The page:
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According to Age UK, 1 in 10 older people are undernourished. Of these, over 90% live in the community rather than in residential elderly care. Also, the NHS states that 35% of those admitted to care homes are also affected by malnutrition. With over 3 million people at risk of malnutrition in the UK, it is important to promote good practice and the importance of hydration and nutrition in care as well as raise awareness of the risks that dehydration and malnutrition can bring.
What are hydration and nutrition?
In the UK, the 14th to 20th March 2022 is Nutrition and Hydration Week. Every year since 2012, health and social care providers have used this week to highlight issues with nutrition and hydration in care as well as promote initiatives that strive for improvement. It is also an opportunity for providers to celebrate improvements that have happened in the provision in the local area or even nationally and globally.
Why is hydration and nutrition in care important?
Jane Cummings, Chief Nursing Officer for England, explains:
“The link between nutrition and hydration and a person’s health is a fundamental part of any stage of life, but all the more so for the sick or vulnerable.”
Preventing dehydration and malnutrition in care is imperative as good hydration and nutrition improve health and well-being for those receiving care as well as helping to ease the burden that treating conditions associated with malnourishment and dehydration bring.
As the NHS guidance on nutrition and hydration explains, malnutrition and dehydration cause illness and are also a consequence of it. They both have a considerable impact on health outcomes and are vital in care. Indeed, it is of some surprise that malnourishment and dehydration are still not well recognised in community or healthcare settings even though there have been many reports that have highlighted the often-inadequate nutrition and hydration that those in these settings receive.
As such, it is important that managing hydration and nutrition in care settings is improved, not only for those on the receiving end of care but also for the wider benefits that it will have on the NHS. The NHS guidelines quote some important research:
The cost for disease-related malnutrition for health and social care expenditure is more than £13 billion. (Elia and Russell for BAPEN, 2009).
Improving the identification and treatment of malnutrition is estimated to have the third highest potential to deliver cost savings to the NHS. (The National Institute for Health and Care Excellence (NICE), 2011).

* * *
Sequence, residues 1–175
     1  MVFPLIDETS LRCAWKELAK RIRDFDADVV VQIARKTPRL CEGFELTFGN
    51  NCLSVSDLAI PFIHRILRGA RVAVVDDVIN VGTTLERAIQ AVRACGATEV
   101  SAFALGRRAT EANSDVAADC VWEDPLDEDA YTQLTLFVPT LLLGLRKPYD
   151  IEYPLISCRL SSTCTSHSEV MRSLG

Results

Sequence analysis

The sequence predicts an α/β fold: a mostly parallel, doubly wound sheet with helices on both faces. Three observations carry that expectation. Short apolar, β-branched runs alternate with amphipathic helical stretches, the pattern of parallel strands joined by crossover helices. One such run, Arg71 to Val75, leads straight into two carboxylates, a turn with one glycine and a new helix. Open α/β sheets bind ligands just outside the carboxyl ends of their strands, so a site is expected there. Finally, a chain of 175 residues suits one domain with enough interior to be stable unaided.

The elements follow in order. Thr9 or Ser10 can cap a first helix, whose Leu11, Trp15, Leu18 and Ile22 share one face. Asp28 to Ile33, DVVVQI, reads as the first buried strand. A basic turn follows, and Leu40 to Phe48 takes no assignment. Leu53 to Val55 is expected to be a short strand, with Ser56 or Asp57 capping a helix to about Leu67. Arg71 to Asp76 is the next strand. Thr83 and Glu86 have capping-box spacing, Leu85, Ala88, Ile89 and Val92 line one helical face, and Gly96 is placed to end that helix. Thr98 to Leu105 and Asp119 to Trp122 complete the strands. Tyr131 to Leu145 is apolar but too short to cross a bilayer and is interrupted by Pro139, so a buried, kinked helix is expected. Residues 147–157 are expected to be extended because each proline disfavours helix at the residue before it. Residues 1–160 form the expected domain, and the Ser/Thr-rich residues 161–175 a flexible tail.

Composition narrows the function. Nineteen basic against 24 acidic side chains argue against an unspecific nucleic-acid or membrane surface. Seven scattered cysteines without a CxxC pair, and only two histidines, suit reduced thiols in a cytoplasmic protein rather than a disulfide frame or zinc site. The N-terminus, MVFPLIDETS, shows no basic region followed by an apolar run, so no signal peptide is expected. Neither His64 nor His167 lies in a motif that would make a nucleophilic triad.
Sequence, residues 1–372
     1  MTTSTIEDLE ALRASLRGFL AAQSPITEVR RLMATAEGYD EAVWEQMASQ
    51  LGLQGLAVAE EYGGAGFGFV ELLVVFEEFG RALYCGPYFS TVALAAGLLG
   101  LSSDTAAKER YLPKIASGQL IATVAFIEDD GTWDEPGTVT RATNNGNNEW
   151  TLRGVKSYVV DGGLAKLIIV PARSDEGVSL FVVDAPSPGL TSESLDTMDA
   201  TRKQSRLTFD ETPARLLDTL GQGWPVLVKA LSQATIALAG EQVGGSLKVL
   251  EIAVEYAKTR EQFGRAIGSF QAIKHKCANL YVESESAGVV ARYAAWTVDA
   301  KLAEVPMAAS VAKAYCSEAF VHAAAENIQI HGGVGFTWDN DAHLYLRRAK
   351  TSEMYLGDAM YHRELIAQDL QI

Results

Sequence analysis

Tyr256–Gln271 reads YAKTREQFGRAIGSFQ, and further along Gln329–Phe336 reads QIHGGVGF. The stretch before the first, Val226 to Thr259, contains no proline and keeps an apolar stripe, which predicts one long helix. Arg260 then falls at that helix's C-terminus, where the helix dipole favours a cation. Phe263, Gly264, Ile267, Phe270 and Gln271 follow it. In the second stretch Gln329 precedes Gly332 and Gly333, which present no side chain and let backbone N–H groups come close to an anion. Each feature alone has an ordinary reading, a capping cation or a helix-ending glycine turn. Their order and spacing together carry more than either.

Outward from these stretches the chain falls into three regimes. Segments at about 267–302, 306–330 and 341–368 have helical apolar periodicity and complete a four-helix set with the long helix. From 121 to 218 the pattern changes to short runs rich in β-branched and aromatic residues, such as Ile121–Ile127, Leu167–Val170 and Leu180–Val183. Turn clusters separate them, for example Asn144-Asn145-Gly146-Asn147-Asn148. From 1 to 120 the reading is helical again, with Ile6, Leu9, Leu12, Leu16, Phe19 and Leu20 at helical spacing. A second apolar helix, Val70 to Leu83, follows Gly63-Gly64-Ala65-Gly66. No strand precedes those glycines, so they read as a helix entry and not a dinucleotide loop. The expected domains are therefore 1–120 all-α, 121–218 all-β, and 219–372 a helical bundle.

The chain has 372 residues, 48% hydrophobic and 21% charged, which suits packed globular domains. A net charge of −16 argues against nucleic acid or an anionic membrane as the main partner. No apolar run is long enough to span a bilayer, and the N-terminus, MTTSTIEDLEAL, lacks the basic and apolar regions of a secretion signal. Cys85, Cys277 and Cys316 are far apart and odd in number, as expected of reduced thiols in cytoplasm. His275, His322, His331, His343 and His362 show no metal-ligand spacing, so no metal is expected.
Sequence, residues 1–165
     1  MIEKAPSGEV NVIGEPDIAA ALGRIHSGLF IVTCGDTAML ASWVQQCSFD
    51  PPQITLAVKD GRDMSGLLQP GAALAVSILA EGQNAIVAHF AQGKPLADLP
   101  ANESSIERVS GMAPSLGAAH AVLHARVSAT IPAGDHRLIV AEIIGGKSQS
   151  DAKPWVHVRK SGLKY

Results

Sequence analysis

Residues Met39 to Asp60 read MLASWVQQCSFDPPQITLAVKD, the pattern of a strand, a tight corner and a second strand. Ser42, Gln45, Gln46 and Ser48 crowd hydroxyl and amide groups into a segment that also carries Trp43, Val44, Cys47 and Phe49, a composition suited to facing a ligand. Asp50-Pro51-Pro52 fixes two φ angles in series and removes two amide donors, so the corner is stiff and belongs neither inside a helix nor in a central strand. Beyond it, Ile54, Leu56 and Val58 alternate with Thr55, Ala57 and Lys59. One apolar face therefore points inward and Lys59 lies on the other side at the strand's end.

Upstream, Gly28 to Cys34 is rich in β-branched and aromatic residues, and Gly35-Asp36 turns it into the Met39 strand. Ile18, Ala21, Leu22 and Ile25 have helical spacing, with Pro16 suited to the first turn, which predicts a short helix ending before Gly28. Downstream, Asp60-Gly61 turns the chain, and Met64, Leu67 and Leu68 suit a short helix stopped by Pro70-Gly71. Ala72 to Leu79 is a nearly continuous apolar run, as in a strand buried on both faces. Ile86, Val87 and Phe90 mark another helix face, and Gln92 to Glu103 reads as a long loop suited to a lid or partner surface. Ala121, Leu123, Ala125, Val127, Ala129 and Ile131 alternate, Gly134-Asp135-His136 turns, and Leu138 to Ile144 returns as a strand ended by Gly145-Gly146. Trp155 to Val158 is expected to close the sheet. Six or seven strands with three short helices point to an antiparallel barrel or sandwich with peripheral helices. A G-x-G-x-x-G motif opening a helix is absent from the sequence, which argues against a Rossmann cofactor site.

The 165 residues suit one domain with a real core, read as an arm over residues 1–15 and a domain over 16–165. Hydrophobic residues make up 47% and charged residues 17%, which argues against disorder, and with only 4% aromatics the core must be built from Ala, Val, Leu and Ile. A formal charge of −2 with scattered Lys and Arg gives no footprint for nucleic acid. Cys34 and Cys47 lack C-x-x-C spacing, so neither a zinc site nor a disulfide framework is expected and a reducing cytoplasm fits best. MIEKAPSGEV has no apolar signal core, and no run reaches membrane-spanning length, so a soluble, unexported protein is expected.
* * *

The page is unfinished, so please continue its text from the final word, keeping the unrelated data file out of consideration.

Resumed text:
In looking at such research, it is not difficult to see why hydration and nutrition are of utmost importance in care.
What is good nutrition?
Nutrition is important for anyone, no matter their age. Each day, we get our fuel and energy from food, and we need to ensure that we have a good balance of nutrients within that food to be healthy. For older people, body changes result in lower energy needs in the form of calories. Many older people find themselves only needing smaller meals. This is one reason why it is so important for older people to have good nutrition in the form of a balanced diet.
Good nutrition includes elements from all food groups: fruits and vegetables, proteins, carbohydrates, fats and oils, and dairy products. By consuming something from each of the food groups, it should provide the key vitamins and minerals that we all need. Good nutrition should encompass lots of home-cooked, good-quality foods including whole grains and leaner meats.
It should also involve avoiding some foods such as saturated fats and salt which can cause or exacerbate health conditions such as high blood pressure or heart disease, which are often common ailments in older people.
For those receiving elderly care, whether in the community or residential care, access to good nutrition is often out of their control. The research above suggests that those in the community are more likely to suffer from poor nutrition, and this is likely not surprising for many.
Those without family support may opt for pre-prepared food that is easy to eat. Additionally, many older people receive some care and are on the poverty line. Accessing good-quality food may be a stretch to their budget.